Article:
### The Most Excellent Bell Number Problem (by Chris Bell)

It turns out that Mr. Bell has a formal, mathematical entity named after him. It is called the Bell Triangle. It is obviously superior to Pascal's Triangle; please don't waste our time by trying to argue the point.

Here are the first seven rows of a Bell Triangle:

[1]
[1, 2]
[2, 3, 5]
[5, 7, 10, 15]
[15, 20, 27, 37, 52]
[52, 67, 87, 114, 151, 203]
[203, 255, 322, 409, 523, 674, 877]

Because this is computer science, we will start the counting from zero. The zeroth row contains a one. Each subsequent row is filled with these two rules:

- The zeroth element in a row is the
*last* element from the previous row.
- Every subsequent element is the sum of the element to its left and the element to its left and up one row.

We will use the notation B_{row,column} to mean the Bell number from that row and column. B_{3,2} is 10 because to its left is a 7 and to its left and up is a 3. (Remember, we start counting rows and columns from zero!)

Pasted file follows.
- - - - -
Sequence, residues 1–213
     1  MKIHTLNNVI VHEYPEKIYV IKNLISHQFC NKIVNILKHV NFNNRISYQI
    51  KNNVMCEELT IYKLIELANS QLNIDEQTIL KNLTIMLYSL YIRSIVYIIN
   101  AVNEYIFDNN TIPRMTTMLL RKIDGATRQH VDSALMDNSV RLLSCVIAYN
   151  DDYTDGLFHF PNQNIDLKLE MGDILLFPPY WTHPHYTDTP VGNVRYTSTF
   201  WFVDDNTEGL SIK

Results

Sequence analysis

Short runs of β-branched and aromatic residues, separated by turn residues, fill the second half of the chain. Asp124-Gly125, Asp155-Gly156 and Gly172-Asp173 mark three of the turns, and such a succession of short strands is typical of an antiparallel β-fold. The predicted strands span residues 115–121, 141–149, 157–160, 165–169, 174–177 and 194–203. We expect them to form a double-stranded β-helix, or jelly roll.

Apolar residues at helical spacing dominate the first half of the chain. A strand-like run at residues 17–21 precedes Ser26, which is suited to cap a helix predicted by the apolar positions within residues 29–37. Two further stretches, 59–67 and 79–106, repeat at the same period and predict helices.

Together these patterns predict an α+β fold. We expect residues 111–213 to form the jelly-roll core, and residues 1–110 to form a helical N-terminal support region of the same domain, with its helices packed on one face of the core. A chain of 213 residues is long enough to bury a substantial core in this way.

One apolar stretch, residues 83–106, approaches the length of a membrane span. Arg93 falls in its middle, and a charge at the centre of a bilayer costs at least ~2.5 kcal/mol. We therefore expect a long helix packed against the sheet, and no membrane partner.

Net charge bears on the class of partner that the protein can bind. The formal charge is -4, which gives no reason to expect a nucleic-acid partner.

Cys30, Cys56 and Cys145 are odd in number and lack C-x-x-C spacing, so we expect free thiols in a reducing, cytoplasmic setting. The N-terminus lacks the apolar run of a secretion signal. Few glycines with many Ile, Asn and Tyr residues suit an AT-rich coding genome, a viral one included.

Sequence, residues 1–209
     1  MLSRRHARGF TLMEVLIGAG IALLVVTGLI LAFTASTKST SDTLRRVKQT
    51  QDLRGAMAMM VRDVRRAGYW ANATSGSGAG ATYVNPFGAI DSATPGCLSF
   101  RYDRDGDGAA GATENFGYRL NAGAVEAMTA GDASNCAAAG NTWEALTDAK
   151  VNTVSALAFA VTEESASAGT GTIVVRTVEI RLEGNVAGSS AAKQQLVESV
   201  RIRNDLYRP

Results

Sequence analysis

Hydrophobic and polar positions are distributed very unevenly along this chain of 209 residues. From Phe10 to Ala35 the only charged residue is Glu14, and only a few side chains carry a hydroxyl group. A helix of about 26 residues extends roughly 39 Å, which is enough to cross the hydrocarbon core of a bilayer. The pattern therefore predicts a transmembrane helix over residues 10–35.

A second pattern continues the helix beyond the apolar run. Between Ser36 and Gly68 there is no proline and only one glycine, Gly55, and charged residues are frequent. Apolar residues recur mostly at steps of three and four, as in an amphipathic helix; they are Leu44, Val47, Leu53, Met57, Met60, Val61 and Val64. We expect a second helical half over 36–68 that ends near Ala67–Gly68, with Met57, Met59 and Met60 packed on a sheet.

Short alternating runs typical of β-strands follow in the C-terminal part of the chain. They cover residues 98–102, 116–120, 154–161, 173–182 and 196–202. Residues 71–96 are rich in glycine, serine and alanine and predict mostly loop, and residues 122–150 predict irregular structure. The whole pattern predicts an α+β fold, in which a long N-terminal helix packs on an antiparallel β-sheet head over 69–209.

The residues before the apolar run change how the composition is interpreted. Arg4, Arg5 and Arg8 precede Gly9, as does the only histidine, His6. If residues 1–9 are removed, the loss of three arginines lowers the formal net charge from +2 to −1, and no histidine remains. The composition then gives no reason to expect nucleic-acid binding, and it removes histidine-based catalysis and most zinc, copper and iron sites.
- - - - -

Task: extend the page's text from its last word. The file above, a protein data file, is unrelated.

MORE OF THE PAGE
1. Write the method `bellRow()` that takes an integer input and returns that row of the Bell Triangle. The row should be in the form of an `ArrayList<Integer>`.

Example:

System.out.println(bellRow(0)); // prints [1]
System.out.println(bellRow(3)); // prints [5, 7, 10, 15]
System.out.println(bellRow(6)); // prints [203, 255, 322, 409, 523, 674, 877]

2. Write the method `bellNum()` that takes two integer inputs, a row and a column, and returns the element from that row and column in a Bell Triangle.

System.out.println(bellNum(0,0)); // prints 1
System.out.println(bellNum(3,2)); // prints 10
System.out.println(bellNum(6,3)); // prints 409